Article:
pose questions; review what is already known in regards to experimental evidence; use tools to gather, analyze, and interpret data; propose answers explanations, and predictions; communicate the results; identify assumptions;

use critical and logical thinking; and consider alternative explanations; process information, communicate with groups, coach student actions, facilitate student thinking, model the learning process, and provide flexible use of materials (National Research Council (NRC), 1996 p. 23).

By contrast, teachers who value didactic instruction conceptualize instruction as the transmission of facts to students, who are seen as passive receptors. Didactic instruction typically uses lecture format and instructs the entire class as a unit. Knowledge is presented as fact where students’ prior experiences are not perceived as important. Moreover, instruction does not provide students with opportunities to experiment with different methods to solve problems, but primarily uses a drill and practice format with a foundation on the use of textbooks (Smerdon, Burkam, & Lee, 1999).

TIMSS 2007 teacher questionnaires (Appendix B) contained numerous items representing constructs of primary concern to this study. TIMSS 2007 was not designed to specifically measure the preparedness, use, or beliefs of didactic and inquiry-based instruction of the teacher population. The specific instructional variables and relationships among variables examined in this report were selected because of the theoretical interests of this study. In order to eliminate bias in identification of variables for this study, 33 variables representing instructional practices that characterize both didactic and inquiry-based approaches, as recommended by the National Science Education Standards (NSES) and the framework outlined in the literature review were extracted from the teacher questionnaire. The instructional variables included various learning objectives, methods of instruction, and beliefs about learning science concepts.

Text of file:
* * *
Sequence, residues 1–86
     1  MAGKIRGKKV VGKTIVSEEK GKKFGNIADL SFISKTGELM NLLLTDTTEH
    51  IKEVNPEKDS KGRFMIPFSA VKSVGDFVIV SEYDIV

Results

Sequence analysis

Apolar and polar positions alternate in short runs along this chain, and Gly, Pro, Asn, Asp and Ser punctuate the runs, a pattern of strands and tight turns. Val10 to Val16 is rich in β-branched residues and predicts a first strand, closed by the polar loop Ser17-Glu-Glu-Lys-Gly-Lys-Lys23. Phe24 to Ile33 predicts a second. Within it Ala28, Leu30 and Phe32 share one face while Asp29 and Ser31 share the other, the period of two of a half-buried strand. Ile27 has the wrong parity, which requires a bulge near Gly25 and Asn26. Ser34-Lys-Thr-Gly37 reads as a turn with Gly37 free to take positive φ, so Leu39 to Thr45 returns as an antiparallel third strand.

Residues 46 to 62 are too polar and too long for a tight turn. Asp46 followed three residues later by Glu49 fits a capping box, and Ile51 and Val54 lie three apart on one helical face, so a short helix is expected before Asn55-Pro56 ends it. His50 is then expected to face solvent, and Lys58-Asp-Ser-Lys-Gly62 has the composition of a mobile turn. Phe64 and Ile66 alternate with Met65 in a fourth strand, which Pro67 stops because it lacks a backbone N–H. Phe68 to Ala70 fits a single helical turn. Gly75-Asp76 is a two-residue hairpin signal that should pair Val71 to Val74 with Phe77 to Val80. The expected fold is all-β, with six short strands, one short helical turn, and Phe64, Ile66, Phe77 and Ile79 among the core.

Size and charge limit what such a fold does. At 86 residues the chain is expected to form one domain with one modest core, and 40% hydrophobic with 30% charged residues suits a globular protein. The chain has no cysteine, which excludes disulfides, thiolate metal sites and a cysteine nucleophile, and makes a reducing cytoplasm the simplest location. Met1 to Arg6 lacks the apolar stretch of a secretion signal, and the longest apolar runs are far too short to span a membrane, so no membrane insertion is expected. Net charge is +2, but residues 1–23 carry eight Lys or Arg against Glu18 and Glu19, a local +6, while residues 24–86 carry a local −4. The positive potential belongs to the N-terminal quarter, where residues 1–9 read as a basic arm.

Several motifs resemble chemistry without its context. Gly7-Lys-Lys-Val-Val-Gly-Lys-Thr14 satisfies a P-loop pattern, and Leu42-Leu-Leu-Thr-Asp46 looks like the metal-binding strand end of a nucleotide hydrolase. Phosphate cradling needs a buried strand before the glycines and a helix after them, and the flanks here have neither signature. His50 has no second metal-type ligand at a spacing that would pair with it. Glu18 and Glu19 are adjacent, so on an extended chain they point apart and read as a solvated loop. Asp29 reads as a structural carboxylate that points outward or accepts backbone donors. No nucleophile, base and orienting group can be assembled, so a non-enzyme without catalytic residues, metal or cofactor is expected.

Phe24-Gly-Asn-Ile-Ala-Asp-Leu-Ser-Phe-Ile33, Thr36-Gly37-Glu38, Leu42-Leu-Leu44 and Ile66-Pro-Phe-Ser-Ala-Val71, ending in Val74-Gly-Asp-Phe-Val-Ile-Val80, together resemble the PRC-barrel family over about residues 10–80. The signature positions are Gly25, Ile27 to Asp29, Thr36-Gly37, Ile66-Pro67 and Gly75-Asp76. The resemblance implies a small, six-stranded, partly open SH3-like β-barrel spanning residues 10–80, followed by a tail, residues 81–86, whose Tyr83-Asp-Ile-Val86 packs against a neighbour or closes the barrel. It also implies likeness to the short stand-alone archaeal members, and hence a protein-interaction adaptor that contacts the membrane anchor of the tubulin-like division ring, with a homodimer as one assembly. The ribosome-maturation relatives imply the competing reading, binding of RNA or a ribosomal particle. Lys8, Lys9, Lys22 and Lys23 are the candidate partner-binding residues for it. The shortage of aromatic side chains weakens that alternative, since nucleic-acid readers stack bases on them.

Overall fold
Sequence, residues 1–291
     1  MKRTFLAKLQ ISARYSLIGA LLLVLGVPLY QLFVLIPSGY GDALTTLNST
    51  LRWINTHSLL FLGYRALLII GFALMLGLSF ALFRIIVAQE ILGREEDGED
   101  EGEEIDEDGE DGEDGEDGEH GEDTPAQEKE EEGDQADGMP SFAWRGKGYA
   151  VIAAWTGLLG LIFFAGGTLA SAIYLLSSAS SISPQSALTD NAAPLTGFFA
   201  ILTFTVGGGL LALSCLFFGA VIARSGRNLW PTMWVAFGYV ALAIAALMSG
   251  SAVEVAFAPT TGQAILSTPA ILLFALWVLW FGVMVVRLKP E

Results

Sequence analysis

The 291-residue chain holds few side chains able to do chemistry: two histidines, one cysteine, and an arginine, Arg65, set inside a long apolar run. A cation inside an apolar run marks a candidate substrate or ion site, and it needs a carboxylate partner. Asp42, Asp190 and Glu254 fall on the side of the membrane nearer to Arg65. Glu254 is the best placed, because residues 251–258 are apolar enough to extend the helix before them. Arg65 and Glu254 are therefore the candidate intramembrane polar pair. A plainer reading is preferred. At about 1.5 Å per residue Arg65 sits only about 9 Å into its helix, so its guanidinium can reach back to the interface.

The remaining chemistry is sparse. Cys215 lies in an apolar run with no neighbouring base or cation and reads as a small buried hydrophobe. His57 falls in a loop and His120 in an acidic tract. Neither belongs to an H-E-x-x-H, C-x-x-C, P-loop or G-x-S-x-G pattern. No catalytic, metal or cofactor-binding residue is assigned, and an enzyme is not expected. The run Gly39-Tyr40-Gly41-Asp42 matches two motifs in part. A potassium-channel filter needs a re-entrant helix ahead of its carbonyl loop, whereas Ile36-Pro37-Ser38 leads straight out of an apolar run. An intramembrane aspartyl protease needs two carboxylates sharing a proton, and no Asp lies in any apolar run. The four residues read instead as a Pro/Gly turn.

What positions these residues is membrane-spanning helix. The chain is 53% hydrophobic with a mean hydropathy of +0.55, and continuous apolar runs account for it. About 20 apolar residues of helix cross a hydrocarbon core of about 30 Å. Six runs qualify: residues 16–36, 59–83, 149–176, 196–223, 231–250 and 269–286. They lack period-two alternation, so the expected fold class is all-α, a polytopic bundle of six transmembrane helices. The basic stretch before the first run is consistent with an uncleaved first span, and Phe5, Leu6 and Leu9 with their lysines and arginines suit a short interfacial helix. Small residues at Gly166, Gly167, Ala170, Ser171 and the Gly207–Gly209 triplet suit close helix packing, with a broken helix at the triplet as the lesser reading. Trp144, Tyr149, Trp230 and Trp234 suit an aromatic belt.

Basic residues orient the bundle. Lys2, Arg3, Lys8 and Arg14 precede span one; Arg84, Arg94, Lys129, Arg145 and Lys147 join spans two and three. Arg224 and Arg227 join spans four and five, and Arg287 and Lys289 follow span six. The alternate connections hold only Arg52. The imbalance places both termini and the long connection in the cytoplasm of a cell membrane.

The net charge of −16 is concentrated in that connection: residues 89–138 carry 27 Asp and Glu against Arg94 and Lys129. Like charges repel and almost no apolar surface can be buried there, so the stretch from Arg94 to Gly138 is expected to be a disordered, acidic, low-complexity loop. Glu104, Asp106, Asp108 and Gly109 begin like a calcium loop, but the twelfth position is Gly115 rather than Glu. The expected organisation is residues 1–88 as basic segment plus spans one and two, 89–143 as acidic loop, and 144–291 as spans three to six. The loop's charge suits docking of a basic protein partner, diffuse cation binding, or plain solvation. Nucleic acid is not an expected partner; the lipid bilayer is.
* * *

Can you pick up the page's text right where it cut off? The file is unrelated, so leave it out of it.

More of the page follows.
Instructional methods were measured by responses to questions about the relative roles of computers, experiments, lectures, discussions, group work, individualization, homework, and assessment. For the purpose of content validity, nine secondary science teachers, with teaching experience, participated in the identification of the 33 extracted variables as either

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selection of variables were based on a 67% agreement of variables being identified as either didactic or inquirybased. As a result, ten variables were identified from the teacher questionnaire as being representative of inquirybased instruction and five variables were identified as being representative of didactic instruction.

Variable Questionnaire Type of Instruction Number Observe (BT4SCSON) 17a Inquiry Watchdem (BT4SCSWD) 17b Didactic Designexp (BT4SCSDP) 17c Inquiry Conductexp (BT4SCSEI) 17d Inquiry Smallgroups (BT4SCSSG) 17e Inquiry Readtext (BT4SCSRM) 17f Didactic Memorize (BT4SCSHP) 17g Didactic Useformulas (BT4SCSUP) 17h Didactic Giveexplan (BT4SCSGS) 17i Inquiry Dailylives (BT4SCSDL) 17j Inquiry Compexp (BT4SCAPE) 22a Inquiry Compsimulat (BT4SCANP) 22b Inquiry Compskills (BT4SCASP) 22c Didactic Compinfo (BT4SCALI) 22e Inquiry Companalyze (BT4SCAPA) 22f Inquiry Figure 2. Variables identified as inquiry-based instruction or didactic instruction with 67% agreement For the purpose of this study, the ten variables identified from the TIMSS 2007 teacher questionnaire as having the qualities of inquiry-based instruction were scored on a four-point, Likert Scale with the responses of every or almost every lesson; about half the lessons; some lessons; and never. Each were assigned values of 3, 2, 1, and 0, respectively. The means ranged from.70 to 2.34.